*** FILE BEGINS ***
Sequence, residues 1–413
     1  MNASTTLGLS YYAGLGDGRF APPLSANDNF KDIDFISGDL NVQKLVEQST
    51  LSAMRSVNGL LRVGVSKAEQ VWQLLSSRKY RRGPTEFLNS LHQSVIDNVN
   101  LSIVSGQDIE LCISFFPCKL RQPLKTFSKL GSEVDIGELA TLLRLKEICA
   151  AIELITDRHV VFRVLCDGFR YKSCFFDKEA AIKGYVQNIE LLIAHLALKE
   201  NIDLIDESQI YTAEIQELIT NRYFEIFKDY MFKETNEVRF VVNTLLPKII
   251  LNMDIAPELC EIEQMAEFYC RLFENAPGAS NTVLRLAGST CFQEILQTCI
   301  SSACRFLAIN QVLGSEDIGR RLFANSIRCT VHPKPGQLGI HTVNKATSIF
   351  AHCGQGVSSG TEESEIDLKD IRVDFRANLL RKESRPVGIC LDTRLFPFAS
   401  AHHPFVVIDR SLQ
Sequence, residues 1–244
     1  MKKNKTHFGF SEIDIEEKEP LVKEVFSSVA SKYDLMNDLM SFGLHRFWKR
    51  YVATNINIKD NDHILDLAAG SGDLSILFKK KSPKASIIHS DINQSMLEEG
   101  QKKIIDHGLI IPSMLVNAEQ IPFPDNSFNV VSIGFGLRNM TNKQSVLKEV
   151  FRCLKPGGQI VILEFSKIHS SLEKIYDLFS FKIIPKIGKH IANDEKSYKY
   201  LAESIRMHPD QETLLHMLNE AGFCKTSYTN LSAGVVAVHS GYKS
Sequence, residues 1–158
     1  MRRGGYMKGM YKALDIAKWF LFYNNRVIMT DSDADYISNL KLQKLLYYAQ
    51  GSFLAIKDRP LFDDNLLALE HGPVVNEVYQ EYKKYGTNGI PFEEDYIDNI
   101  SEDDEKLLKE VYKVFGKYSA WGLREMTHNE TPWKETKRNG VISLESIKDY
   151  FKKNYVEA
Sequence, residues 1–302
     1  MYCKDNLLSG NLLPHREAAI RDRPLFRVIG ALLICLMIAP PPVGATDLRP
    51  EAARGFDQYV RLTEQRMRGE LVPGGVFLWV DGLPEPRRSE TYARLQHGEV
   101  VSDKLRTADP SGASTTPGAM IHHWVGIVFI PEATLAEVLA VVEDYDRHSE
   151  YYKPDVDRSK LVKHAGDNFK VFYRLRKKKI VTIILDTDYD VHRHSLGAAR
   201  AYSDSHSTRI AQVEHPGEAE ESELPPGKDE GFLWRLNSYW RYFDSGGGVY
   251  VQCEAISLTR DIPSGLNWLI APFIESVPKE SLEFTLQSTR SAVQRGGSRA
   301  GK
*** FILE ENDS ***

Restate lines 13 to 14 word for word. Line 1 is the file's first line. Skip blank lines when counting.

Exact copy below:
    51  YVATNINIKD NDHILDLAAG SGDLSILFKK KSPKASIIHS DINQSMLEEG
   101  QKKIIDHGLI IPSMLVNAEQ IPFPDNSFNV VSIGFGLRNM TNKQSVLKEV